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Chapter 14 Water

Chapter 14 Water

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Chapter 14 Water

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  1. Chapter 14Water

  2. Aquifers: Porous, water-saturated layers of sand, gravel, or bedrock that can yield an economically significant amount of water.
  3. Desalination: Purification of salt water or brackish, (slightly salty) water by removal of dissolved salts.
  4. Floodplain: Flat valley floor next to a stream channel. For legal purposes, the term often applies to any low area that has the potential for flooding, including certain coastal areas.
  5. Groundwater: Water that sinks into the soil and is stored in slowly flowing and slowly renewed underground reservoirs called aquifers; underground water in the zone of saturation, below the water table.
  6. Natural recharge: Natural replenishment of an aquifer by precipitation, which percolates downward through soil and rock.
  7. Reliable runoff: Surface runoff of water that generally can be counted on a stable source of water form year to year.
  8. Surface runoff: Water flowing off the land into bodies of surface water.
  9. Surface water: Precipitation that doesn’t infiltrate the ground or return to the atmosphere by evaporation or transpiration.
  10. Water table: Upper surface of the zone of saturation, in which all available pores in the soil and rock in the earth’s crust are filled with water.
  11. Watershed/ Drainage basin: Land area that delivers water, sediment and dissolved substances via small streams to a major stream (river).
  12. Zone of saturation: Area where all available pores in soil and rock in the earth’s crust are filled by water.
  13. Why is water so important, how much freshwater is available and how much of it are we using? Water keeps us alive, moderates climate, sculpts the land, removes and dilutes wastes and pollutants, and moves continually through the hydrologic cycle. Only about .024% of the earth’s water supply is available. We currently use more than half of the world’s reliable runoff of surface water.
  14. What causes freshwater shortages and what can be done about it? Main factors causing water scarcity are dry climate, too many people using and wasting the reliable supply of water, lack of money to drill deep wells and build dams, storage reservoirs and water distribution systems. We can help prevent shortages of freshwater by not wasting water and having private companies buy and manage the water.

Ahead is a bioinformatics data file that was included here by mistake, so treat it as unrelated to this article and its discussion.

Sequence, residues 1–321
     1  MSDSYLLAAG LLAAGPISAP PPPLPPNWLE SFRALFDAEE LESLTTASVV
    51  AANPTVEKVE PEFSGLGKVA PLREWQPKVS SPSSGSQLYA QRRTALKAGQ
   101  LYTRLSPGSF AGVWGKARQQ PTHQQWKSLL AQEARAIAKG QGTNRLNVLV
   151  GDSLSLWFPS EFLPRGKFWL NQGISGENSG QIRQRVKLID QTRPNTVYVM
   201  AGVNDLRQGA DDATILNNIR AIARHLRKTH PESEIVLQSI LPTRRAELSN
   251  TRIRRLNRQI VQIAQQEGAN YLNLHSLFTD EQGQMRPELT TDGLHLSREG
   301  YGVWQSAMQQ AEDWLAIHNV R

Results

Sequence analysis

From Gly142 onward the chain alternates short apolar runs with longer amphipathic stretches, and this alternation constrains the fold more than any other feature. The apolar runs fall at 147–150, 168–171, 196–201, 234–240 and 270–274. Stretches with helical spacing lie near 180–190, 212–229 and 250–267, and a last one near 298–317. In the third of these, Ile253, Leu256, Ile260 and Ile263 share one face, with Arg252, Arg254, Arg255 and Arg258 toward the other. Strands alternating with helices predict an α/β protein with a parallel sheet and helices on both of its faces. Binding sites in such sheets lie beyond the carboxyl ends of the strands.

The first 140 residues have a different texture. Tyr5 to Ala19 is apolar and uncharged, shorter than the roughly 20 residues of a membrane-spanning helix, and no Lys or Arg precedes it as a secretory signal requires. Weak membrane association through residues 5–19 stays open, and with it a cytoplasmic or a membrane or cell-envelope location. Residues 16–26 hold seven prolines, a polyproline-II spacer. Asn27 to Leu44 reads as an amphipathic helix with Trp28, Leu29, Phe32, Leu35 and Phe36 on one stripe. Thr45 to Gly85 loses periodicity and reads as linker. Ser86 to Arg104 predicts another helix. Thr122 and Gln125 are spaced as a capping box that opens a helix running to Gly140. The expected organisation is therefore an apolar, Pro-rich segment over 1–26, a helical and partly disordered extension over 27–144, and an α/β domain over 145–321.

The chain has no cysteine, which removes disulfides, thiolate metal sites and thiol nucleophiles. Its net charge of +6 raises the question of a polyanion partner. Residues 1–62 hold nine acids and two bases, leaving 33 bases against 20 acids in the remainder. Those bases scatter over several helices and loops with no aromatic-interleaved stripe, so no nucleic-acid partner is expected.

15. What are the advantages and disadvantages of withdrawing groundwater? Advantages Disadvantages Aquifer depletion from over-pumping Sinking of land from over-pumping Polluted aquifers for decades or centuries Saltwater intrusion into drinking water supplies near coastal areas Reduced water flows into surface waters Increased cost and contamination from deeper wells Useful for drinking and irrigation Available year-round Exists almost everywhere Renewable if not over-pumped or contaminated No evaporation losses Cheaper to extract than most surface waters
  16. What are the advantages and disadvantages of using dams and reservoirs to supply more water? Advantages Disadvantages Displace people Disrupt aquatic systems Produce cheap electricity Reduce downstream flooding Provide year-round water for irrigating cropland
  17. What are the advantages and disadvantages of transferring large amounts of water from one place to another? Advantages Disadvantages Encourages unsustainable use of water in areas where water is not naturally supplied Makes unproductive areas more productive Turns water-poor areas into suitable places for growing food, grazing and other business activities. This will make businesses more likely to invest in the area and the econoomy with be strengthened.
  18. Can removing salt from seawater solve our water supply problems? This method cannot really solve our problem. Current methods of desalination are very expensive due to the high amount of energy needed to desalinate the water. Also, a large amount of briny wastewater is produced and it must be safely disposed of. Currently, desalination is practical only for water-short wealthy countries and cities that can afford its high cost.
  19. How can we waste less water? Redesign manufacturing processes Repair leaking underground pipes Landscape yards with plants that require little water Improve irrigation techniques Use drip irrigation Fix water leaks Use water meters Raise water prices Use waterless composting toilets Require water conservation in water-short cities Use water-saving toilets, showerheads and front-loading clothes washers Collect and reuse household water Don’t waste energy
  20. How can we use the earth’s water more sustainably? Cut waste Raising water prices Preserving forests and wetlands in water basins Slow population growth
  21. What causes flooding and what can we do about it? Flooding is causes by heavy rainfall, rapid snowmelt, removal of vegetation and destruction of wetlands. We can reduce flood risks by controlling river flows, protecting mountainside forests, preserving and restoring wetlands, identifying and managing flood-prone areas and, if possible, choosing not to live in flood-prone areas.